These structures are created during recording of the medium by illuminating the medium with a speckle pattern produced in conjunction with coherent light or the combination of incoherent light and a computer-generated mask which simulates speckle. The speckle produced changes in the refractive index of the medium which, when developed, are the micro-sculpted structures. These light shaping structures diffract light passing through the holographic diffuser so that the beam of light emitted from the holographic diffuser's exit surface exhibits a precisely controlled energy distribution along horizontal and vertical axes. Holographic diffusers can be used to shape a light beam so that over 90% (and up to 95%-98%) of the light beam entering the holographic diffuser is directed towards and into contact with a target located downstream of the holographic diffuser. A holographic diffuser can be made to collect incoming light and either (1) distribute it over a circular area from a fraction of a degree to over 100 degrees, or (2) send it into an almost unlimited range of elliptical angles. For example, a 2degree x 50 degree, holographic diffuser will produce a line when illuminated by a LED or laser and a 35 degree x .90 degree. Thus a holographic diffuser is not a typical example of a diffuser, since it may send most of the incoming light out at elliptical angles and these particular angles may be finely controlled.

The following discussion describes pixel patterns used in the imaging industry. For the purposes of illustration it is assumed a sub-pixel is a 0.1 mm x 0.3 mm rectangle, with the long axis of the rectangle in the y direction and a pixel is a 0.3 mm x 0.3 mm square, however it should be appreciated that a pixel can be any shape that is possible to tessellate and a sub pixel can be any one of a set of shapes which are possible to tessellate in combination. To define this rigorously consider a set of regular points in 2D space forming a lattice and the same collection of pixels or sub-pixels at these points. Then the pixel pattern is wholly described by the lattice and the collection of sub-pixels or pixels at that point which are called a basis. The lattice can in turn be described by a primitive lattice cell comprised of two linearly independent vectors which form two sides of a parallelogram.

The following radio metric quantities will be used throughout this specification are defined below:

Luminous Flux is the flow rate of visual energy and is measured in lumens.

Illuminance is a measure of photometric flux per unit area, or visible flux density. Illuminance is measured in lux (lumens per square meter).

Luminance is the illuminance per solid angle.

To appreciate the solid angle concept consider a spherical surface of radius r containing an area element Δ^4. The solid angle at the centre of the sphere is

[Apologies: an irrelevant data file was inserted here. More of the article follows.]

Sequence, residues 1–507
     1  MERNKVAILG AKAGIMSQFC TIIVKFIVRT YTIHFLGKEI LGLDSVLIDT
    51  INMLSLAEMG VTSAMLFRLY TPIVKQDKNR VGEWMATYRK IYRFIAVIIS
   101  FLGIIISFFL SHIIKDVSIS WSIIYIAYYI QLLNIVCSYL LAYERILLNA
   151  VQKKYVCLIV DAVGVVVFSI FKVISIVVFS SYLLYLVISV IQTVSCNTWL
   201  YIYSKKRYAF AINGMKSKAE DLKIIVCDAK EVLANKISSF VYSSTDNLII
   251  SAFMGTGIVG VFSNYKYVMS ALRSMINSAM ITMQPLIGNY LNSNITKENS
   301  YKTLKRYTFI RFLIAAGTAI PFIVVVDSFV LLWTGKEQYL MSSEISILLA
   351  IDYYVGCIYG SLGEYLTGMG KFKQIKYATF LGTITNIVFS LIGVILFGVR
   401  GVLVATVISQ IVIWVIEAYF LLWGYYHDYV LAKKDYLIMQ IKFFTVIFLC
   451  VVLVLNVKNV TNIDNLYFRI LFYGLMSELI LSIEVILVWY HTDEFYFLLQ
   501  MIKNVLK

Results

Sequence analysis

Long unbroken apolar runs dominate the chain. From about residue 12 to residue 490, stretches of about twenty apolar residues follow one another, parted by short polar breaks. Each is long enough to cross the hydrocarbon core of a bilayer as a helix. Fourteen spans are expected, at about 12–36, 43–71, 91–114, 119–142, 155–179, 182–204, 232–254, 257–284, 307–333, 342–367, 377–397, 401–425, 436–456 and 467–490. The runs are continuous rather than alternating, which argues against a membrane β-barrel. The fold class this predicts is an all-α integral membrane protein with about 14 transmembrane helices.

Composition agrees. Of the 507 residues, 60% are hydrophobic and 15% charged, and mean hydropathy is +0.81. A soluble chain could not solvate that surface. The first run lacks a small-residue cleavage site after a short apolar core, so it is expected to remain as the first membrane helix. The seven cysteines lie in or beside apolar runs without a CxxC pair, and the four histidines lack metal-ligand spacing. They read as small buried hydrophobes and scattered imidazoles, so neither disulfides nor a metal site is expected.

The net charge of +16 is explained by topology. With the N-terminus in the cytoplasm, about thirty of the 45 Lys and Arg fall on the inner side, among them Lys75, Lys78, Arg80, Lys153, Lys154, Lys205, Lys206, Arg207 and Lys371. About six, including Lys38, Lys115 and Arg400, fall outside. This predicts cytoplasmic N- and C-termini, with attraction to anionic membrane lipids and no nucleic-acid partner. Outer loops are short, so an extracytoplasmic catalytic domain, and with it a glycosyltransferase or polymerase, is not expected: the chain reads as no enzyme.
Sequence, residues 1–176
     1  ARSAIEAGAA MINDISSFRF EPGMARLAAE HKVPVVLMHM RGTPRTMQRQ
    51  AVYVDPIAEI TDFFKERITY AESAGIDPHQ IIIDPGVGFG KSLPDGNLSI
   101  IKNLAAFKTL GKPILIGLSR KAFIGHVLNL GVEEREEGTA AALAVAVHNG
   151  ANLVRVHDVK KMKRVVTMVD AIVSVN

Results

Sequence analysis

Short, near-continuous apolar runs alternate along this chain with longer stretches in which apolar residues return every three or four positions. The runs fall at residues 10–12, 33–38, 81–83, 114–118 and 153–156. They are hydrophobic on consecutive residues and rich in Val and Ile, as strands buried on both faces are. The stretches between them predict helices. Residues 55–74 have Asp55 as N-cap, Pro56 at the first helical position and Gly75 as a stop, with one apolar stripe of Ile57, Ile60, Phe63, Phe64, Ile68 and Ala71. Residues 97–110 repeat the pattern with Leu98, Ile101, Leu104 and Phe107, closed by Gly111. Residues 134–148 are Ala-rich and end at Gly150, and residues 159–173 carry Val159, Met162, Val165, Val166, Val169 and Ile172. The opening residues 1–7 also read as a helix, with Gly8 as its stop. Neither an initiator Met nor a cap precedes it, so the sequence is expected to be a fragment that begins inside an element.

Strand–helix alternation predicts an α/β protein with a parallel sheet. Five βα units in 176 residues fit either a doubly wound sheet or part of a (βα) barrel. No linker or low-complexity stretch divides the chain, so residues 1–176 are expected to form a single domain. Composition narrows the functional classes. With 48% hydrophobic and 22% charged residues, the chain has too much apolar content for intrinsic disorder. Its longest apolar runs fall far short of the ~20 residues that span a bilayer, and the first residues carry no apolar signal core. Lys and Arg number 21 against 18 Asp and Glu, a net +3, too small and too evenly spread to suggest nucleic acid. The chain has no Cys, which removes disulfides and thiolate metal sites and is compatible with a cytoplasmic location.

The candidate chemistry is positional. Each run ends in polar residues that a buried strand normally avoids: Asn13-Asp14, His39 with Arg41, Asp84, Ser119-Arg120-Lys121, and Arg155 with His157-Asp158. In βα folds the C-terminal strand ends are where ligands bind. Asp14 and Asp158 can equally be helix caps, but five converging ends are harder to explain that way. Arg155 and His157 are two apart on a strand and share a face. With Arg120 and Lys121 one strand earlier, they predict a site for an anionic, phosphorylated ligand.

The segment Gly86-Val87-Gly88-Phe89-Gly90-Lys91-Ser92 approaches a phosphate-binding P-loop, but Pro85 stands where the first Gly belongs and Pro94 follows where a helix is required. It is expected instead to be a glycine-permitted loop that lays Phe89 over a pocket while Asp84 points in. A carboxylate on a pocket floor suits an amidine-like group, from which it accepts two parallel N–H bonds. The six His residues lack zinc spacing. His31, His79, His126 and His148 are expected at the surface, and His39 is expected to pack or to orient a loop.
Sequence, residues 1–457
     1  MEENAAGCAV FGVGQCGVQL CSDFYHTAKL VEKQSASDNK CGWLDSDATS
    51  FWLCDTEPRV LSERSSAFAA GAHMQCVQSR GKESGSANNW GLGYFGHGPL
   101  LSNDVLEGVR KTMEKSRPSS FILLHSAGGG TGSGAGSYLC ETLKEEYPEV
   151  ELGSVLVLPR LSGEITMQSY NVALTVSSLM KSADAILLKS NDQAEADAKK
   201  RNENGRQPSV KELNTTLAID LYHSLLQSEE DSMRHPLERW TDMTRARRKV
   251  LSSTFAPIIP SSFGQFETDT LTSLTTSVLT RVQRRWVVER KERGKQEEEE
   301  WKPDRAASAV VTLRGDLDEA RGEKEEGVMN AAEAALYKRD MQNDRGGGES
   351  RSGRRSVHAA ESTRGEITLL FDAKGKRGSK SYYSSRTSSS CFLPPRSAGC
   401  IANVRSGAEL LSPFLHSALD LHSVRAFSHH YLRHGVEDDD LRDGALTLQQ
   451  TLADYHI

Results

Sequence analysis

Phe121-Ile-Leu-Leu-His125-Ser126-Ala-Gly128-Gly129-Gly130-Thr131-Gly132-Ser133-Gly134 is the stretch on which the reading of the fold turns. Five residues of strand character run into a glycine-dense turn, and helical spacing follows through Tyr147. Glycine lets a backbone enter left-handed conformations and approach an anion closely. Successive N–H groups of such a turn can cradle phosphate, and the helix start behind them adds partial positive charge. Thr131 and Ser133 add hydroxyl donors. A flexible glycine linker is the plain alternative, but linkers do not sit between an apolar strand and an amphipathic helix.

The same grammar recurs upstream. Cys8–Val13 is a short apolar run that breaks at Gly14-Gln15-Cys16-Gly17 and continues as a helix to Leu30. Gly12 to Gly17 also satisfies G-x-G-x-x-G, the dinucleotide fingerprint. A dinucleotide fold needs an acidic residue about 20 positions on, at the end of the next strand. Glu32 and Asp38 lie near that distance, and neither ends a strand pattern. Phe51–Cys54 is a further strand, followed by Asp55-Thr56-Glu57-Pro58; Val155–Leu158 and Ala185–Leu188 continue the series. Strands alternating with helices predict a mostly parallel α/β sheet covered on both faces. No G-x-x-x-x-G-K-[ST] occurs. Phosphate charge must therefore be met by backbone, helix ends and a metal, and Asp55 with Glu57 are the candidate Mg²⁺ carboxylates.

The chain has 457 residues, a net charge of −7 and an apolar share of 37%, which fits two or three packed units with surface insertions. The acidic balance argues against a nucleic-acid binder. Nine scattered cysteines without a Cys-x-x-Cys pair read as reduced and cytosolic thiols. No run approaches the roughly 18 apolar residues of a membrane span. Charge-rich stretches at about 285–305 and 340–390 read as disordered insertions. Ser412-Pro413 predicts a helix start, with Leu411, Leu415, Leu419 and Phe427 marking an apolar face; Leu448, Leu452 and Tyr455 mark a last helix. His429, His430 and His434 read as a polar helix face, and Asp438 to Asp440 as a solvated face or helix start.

, n Δ-4 ΔΩ = — defined to be r .

Pixels on a transmissive addressable object will be capable of maximum and minimum luminous states. Labelling the maximum state as Lb and the minimum as La then the contrast ratio is described by

c . -±

The term contrast ratio is usually abbreviated to just contrast.

From http://www.cquest.utoronto.ca/psych/psy280iych5/csf.html

"The contrast sensitivity function (CSF) plots the contrast sensitivity for the human visual system ( I I (contrast threshold) ) for all spatial frequencies. Viewers are most sensitive to intermediate frequencies (~4 - 8 cycles per degree). Viewers are less sensitive to lower frequencies, and less sensitive to higher frequencies.

The CSF shows us the observer's window of visibility. Points below the CSF are visible to the observer (those are the points that have even higher contrasts than the threshold level). Points above the CSF are invisible to the observer (those are the points that have lower contrasts than the threshold level). The lowest visible frequency (at 100% contrast) is the low frequency cut-off, and the highest visible frequency (at 100% contrast) is the high frequency cut-off."

Disclosure of Invention

According to one aspect of the present invention there is a method of controlling the point spread function;

The term 'point spread function' is defined as the output of the imaging system for an input point source, in particular it describes the distribution of a single object point after passing through a filter with a particular spatial frequency response;

in an optical system consisting of an object, at least one spatial filter, and the image projected by that object with said spatial filter(s) located between said object and said image where said point spread function is a representation of the application of spatial filter(s) on said image;

with said point spread function controlled by varying the distance between said image and said spatial filter(s) and bidirectional scattering transmission function of the spatial filter(s).